5a. Spamming, especially by tagging a lot of random people into a tweet. This is a contentious one, but it is important. Making the substance of a tweet into a list of twitter handles without much substance to the tweet itself, is spam. There are always times when we want to attract the attention of someone, famous or not, and we add their handle to a tweet, but a tweet which consists of “Good morning all” followed by a list of users, is spam. If it is reported, you will be sanctioned. I will even tell you why this is,     it games the algorithms, and Twitter hates that. One way that you can notify people without filling the tweet with names is to attach a picture image to the tweet, and notify 10 people on the picture. That is permitted and also doesn’t fill the character space up with the names.    
5b. Spamming with petitions, crowdfunders or notifications of events. Again, something well-meaning and enthusiastic tweeters do, is find all the big threads and add a post to each with a notification of something of this kind. Sadly this is also spam. If you are someone who does this, be careful how often you do it.


Of course Twitter rules are largely common sense, and I expect that few people have read right through all of them, what I have picked out above are the things I see most often from pro-EU accounts. Awareness of all of these will help keep your account safe if it is singled out for attack.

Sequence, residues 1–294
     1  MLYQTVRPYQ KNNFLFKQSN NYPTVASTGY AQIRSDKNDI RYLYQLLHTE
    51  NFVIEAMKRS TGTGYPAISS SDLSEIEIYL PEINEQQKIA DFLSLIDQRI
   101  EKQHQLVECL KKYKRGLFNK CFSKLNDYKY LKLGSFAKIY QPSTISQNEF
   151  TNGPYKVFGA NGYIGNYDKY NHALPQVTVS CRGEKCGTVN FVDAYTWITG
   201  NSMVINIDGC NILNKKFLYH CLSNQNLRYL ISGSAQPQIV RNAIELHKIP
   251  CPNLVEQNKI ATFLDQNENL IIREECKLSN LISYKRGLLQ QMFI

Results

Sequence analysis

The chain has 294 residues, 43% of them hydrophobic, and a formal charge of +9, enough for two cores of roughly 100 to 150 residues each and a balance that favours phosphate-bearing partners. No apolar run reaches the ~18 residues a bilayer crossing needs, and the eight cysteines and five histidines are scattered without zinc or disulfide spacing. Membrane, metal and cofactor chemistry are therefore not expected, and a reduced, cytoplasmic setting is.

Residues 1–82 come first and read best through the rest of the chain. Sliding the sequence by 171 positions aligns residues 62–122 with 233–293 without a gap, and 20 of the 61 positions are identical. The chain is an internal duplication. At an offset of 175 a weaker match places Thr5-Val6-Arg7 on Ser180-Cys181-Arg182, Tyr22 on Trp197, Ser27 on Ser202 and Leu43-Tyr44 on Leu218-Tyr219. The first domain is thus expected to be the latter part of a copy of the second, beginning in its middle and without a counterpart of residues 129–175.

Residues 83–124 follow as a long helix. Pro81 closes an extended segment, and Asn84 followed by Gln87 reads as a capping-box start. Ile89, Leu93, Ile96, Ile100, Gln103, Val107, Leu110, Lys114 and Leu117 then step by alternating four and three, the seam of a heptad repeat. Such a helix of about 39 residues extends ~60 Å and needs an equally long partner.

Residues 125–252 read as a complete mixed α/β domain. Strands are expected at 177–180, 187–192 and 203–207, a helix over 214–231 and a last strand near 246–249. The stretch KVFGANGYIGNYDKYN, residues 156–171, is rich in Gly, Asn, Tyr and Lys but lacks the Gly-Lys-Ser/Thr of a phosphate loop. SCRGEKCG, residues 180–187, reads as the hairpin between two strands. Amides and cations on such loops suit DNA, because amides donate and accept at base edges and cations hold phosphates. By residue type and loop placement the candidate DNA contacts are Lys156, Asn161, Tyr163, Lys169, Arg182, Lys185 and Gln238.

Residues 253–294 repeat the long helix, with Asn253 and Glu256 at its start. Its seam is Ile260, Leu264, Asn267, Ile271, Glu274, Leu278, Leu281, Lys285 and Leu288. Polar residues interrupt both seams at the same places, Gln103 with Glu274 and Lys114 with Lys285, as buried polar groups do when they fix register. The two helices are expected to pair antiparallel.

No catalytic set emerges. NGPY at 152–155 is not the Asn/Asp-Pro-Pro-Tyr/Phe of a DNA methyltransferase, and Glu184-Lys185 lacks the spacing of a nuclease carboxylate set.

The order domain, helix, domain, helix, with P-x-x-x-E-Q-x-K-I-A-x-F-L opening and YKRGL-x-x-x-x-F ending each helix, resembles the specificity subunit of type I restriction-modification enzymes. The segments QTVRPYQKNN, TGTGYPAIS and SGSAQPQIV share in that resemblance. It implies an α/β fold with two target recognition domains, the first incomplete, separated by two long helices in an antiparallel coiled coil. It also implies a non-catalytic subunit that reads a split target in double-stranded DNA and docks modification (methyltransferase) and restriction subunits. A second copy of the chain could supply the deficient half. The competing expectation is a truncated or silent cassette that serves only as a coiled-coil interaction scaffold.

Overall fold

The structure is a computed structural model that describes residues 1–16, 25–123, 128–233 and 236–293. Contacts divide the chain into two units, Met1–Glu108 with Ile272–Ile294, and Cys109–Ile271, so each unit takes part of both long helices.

Just to stress as a last point, this is not a comparative thing, there is no defence of “but my tweets are not as bad as the nasty fascist ones”. I see streams of people saying this every time an incident occurs. What matters to twitter is how much you are upsetting people or how many you upset, and unless they know otherwise, bots and trolls reporting posts are “people” too. The more the merrier. The more times something is reported, the more likely it is to get looked at closely and possibly removed. Similarly, Twitter do not actively police the site, they are reactive, so they look at tweets that are reported to them, not at everything.

Again, if someone is trying to get your account taken down, they will search back in time. Recently I looked for an old tweet of mine to quote tweet into a thread, and was surprised to see it had been removed. It had been pinned to my account in the past for months and had had hundreds of retweets, all of them over a year previously, but it had gone. So if my warnings here make you want to go back and selectively edit your back-history, do go a long way back.

This does work in reverse too, if you find a nasty account and want to report it, get a big group of people to help, the more that report it, the more likely it is to be removed. Remember, that they will do the same back to us, keep that in mind when you tweet. However, do not find your big group of people to help you by appealing on open twitter for people to report someone or something, because that is, as stated above, piling onto someone!

Another point to remember is that important, well known, famous people, politicians and organisations have social media teams.  They search for mentions of the people or groups they are paid to look after, and if you attack these accounts, your attack will be reported.  

So, go well, go safely and keep yourself around to take part, by taking some elementary precautions. They won’t always save you against a really strong attack, but they will help.

This article was written by @Fish_in_a_hat